The high outflow of Filipino workers seeking employment in foreign labour markets meets the great demand for domestic workers in Hong Kong, which soon proceeds to fill up more than half of the jobs created. Instead of expanding its subsidised child care services to enable more full-time family carers to rejoin the labour market, the Hong Kong government, on the contrary, steps up its outsourcing efforts. Owing to the shortage of subsidy provided (1 out of 220 children on average), local families turn to the market to hire domestic workers as an alternative. Compared with local domestic workers (from HK$7,000 to more than HK$10,000 per month), MDWs (minimum allowable wage of HK$4,630 per month) are a more popular choice.

Securing a job in Hong Kong, however, does not always translate to fair and reasonable treatment. Hong Kong too pursues neoliberalism with the long-held fiscal policies of ‘big market, small government’ and ‘positive non-interventionism’. For decades, the city has maintained its low tax regime in favour of enterprises, while withholding the labour rights regulations, precisely the standard working hours, the collective agreement and the universal retirement protection scheme. For the MDWs’ part, a common occurrence is that the overcharging agency fees get them into debt, and their passports are confiscated illegally before it is fully paid off.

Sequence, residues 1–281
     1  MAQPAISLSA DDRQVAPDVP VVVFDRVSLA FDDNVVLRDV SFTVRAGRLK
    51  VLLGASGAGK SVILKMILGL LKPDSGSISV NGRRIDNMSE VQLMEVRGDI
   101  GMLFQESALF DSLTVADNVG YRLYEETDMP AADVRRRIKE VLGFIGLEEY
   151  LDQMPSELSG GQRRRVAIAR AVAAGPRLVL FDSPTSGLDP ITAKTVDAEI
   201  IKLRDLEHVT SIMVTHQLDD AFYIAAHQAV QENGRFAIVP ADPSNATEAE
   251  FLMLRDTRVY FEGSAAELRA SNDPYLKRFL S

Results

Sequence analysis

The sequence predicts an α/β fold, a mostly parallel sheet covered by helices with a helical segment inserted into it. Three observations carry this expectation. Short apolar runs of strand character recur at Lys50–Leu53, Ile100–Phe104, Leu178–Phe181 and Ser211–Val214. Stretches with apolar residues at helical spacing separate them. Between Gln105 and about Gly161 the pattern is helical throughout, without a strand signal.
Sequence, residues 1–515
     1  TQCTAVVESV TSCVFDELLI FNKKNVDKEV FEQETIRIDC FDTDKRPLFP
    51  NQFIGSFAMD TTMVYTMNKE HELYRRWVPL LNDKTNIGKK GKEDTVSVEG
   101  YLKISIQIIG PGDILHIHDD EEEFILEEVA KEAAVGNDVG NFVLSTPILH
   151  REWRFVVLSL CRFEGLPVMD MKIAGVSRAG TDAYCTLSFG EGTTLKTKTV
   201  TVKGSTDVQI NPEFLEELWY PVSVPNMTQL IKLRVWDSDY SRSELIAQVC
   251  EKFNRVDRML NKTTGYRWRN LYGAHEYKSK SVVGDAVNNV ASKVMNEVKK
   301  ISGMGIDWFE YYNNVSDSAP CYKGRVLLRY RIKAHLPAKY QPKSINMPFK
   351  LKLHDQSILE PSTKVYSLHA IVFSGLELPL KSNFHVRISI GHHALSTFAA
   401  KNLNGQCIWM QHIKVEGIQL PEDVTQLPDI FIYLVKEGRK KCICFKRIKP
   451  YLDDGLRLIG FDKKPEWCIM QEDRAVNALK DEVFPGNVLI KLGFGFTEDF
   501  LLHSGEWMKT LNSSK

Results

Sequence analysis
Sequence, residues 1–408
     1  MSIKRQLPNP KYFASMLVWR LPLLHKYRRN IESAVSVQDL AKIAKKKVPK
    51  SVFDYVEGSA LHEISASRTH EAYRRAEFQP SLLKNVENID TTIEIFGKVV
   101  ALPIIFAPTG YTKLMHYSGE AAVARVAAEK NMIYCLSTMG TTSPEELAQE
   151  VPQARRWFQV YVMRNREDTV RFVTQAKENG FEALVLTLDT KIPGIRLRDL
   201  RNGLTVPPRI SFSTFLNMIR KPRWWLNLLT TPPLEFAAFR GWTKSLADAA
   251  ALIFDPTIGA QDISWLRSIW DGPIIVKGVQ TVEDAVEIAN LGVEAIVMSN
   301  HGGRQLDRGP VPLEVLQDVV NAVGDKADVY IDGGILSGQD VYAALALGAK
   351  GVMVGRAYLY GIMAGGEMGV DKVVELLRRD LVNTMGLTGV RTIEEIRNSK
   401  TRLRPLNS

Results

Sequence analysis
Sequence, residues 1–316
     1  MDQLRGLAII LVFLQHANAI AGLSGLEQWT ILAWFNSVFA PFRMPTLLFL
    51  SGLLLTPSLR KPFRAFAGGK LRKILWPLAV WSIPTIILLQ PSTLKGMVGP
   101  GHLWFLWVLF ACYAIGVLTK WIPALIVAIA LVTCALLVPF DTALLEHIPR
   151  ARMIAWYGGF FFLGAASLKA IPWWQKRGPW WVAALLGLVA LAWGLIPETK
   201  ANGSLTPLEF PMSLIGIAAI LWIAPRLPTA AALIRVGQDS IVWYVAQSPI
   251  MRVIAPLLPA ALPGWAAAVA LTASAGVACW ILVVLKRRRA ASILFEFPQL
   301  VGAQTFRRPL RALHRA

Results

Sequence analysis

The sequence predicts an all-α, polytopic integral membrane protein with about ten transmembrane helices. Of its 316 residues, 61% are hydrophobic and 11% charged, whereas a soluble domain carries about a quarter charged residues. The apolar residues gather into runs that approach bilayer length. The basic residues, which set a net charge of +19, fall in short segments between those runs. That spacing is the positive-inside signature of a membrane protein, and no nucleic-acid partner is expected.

In addition to the reprehensible practice, the MDWs are obliged to live with their employers, meaning that there are no definite working hours, and in a worst-case scenario, the nature of work becomes a 24/7 one. This setting has put them in a vulnerable position in the event of exploitation and abuse. Knowing that they can either find a new job, plus apply for a renewed work visa, within only 2 weeks after the termination of contract, or be sent back to their home country, most of the MDWs hesitate and dare not stand up for themselves. Not only do they suffer from the lack of labour protection but also the oppression when fighting for their rights. In 2018, during Duterte’s three-day visit to Hong Kong, disproportionate security measures were arranged by the police and the Philippine Consulate General in Hong Kong, hindering the peaceful protests of 50 or so MDWs. Under double oppression at home and at work – being treated unfairly in Hong Kong and suffering the appalling poverty in the Philippines -- MDWs do not have a way-out. 

Hong Kong’s Global Responsibility and Connection